Friday, October 9, 2015
Reminiscing about yesteryear is a long loved pastime. We can think about- and talk about- the "good old days" and really get to swimming in our memories, but were they are rosy as we remember? Are current times as tragic as they seem? All this talk about the "back when we used to teach the thinking strategies" really prompted me to look into what we have done for the last couple of years, and what we are doing this now- this week- this year.
Here is what I found: Everyone, every child at BES, has been explicitly taught, or reminded of, metacognition and all that makes it up. Building a Literate Community was absolutely about building students up as thinkers-- regardless of the content area.
Knowing that most explicitly teach the strategies (then and now) inside of the literacy block, I'll just offer the current state of affairs when it comes to the Thinking Strategies and explicit focused instruction for our students. See what you notice.
Kindergarteners are all about building their background knowledge. They have made their schema hats, learned how to make text-to-self connections and will likely move to text-to-text connections very soon. The content calls them to connect to what they hear, see, read ,and write.
First Grade has been doing a deep study of questioning. They started their unit with some concrete objects that students would generate questions about and quickly moved to Debbie Miller's Reading with Meaning lessons on questioning about text: Before the Text, During the Text, After the Text. And just like the "days of old" they are also digging back into Stephanie Harvey's Strategies that Work to investigate Thick and Thin questions. The books they use (related to animals and in the ABC format) may be ELA related and "new age," but the lessons and anchor charts are quite the reminiscent of the past.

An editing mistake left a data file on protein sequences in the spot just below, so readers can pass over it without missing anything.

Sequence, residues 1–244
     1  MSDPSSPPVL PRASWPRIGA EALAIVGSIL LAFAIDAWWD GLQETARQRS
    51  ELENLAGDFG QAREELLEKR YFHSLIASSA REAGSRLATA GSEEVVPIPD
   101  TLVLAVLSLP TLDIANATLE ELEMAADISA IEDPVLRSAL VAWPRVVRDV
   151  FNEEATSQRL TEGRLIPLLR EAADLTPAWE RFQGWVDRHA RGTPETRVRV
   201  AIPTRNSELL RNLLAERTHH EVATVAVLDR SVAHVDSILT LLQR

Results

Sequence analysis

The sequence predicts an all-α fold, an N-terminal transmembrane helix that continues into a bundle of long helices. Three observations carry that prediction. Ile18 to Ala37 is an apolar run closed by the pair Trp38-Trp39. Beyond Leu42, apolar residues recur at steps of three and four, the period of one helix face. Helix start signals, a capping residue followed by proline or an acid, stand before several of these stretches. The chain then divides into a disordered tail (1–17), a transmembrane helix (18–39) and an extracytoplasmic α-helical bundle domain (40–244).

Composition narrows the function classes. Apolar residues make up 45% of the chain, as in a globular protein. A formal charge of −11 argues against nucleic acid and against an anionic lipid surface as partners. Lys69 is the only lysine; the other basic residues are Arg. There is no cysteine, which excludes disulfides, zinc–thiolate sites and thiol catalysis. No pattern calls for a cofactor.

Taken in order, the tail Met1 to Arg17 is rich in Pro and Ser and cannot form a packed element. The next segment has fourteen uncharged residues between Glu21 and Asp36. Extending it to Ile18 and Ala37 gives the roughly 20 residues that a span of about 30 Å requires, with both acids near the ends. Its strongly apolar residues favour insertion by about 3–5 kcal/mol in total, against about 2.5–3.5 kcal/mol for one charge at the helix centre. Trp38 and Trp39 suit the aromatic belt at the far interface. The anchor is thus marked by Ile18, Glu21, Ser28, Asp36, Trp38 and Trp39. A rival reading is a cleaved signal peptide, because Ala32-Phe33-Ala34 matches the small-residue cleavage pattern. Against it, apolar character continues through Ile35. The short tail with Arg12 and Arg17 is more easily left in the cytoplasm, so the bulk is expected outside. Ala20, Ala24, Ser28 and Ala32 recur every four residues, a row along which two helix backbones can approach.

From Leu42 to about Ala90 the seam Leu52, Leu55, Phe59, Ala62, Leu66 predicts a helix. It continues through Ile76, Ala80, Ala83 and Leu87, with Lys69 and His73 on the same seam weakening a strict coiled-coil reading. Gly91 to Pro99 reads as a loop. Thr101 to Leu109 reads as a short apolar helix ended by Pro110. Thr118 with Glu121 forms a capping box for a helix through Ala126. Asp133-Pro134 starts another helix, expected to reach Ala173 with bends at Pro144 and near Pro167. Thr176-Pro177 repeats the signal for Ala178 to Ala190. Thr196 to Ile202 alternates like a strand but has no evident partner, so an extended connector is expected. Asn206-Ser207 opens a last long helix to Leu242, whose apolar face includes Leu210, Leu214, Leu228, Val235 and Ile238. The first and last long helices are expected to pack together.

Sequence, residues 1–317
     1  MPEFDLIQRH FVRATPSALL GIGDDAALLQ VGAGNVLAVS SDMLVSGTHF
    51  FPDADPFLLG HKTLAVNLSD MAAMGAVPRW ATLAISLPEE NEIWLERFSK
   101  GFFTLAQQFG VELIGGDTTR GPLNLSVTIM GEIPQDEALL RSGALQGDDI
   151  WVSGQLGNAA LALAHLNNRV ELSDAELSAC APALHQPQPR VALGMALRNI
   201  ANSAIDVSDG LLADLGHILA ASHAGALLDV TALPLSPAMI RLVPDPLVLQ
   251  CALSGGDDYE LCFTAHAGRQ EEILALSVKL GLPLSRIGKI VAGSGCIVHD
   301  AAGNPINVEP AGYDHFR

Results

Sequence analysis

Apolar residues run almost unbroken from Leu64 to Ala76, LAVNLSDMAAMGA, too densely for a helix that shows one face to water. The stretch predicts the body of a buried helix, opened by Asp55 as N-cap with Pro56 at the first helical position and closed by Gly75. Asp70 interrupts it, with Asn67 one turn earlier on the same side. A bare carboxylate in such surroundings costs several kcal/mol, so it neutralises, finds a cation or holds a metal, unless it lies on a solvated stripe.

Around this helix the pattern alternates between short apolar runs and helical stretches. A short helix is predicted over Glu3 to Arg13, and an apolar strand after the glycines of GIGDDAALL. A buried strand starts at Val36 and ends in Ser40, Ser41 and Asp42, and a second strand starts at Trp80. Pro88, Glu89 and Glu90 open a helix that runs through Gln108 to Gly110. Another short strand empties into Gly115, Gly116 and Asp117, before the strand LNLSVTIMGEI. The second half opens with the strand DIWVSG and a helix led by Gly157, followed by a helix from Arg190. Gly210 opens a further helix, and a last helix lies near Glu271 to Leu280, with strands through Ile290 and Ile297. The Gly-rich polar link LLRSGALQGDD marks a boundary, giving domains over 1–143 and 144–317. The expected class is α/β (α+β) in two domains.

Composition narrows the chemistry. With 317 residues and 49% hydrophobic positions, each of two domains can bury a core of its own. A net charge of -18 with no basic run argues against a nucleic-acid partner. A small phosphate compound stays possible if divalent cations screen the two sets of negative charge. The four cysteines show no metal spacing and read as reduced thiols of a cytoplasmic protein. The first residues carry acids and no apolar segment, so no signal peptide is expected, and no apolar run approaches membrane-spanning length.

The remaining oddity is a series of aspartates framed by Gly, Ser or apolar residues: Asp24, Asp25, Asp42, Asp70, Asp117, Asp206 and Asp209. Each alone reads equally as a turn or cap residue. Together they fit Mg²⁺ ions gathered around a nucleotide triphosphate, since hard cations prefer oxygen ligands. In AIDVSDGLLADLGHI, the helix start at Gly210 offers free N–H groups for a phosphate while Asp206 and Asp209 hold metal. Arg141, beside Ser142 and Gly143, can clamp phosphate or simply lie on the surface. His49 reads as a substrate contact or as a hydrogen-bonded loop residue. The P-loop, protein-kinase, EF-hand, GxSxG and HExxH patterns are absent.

Second Grade is moving at a similar pace with digging into questioning. Lessons provide time to learn how, why, and when we would ask deep or shallow questions. Learners work to understand the purpose of asking and reward of obtaining those answers through further reading or research. Determining Importance is not far off the heels of questioning as readers seek to record the important information that would fulfill their curiosity, and as writers as they consider why it is important to stretch sentences.
Third Grade, without a doubt, has spent time on the thinking strategies. Not only does their Unit 2 call them to determine importance, but it also introduces inferring. Students move quickly from the concrete to the text and continue with lessons that intentionally call students to learn more about and apply their skills as thinkers. They have to visualize when writing and determine importance to understand characters, settings, events and plots. Just look at their prewriting for their narratives and you will see evidence of their mental images! They absolutely have to infer to be able to reap the author's message or a text's theme. No skill and drill- straying from the strategies- at this grade level.
Fourth Grade is 100% about determining importance and inferring, as well. It would be impossible and a disservice to kids to not teach them these thinking strategies and how to navigate them when reading and writing. As readers, they are learning how to write summaries and infer themes. (Can you possible teach either of those real life practices with out teaching kids how to think through a text? As writers, the kids must learn how to take and organize research notes. Note-taking to use later when communicating knowledgeably about a topic is ALL about determining importance. My gut says that many of our students' experiences in literacy workshop still follow along with chapter 10 of Stephanie Harvey's Strategies That Work.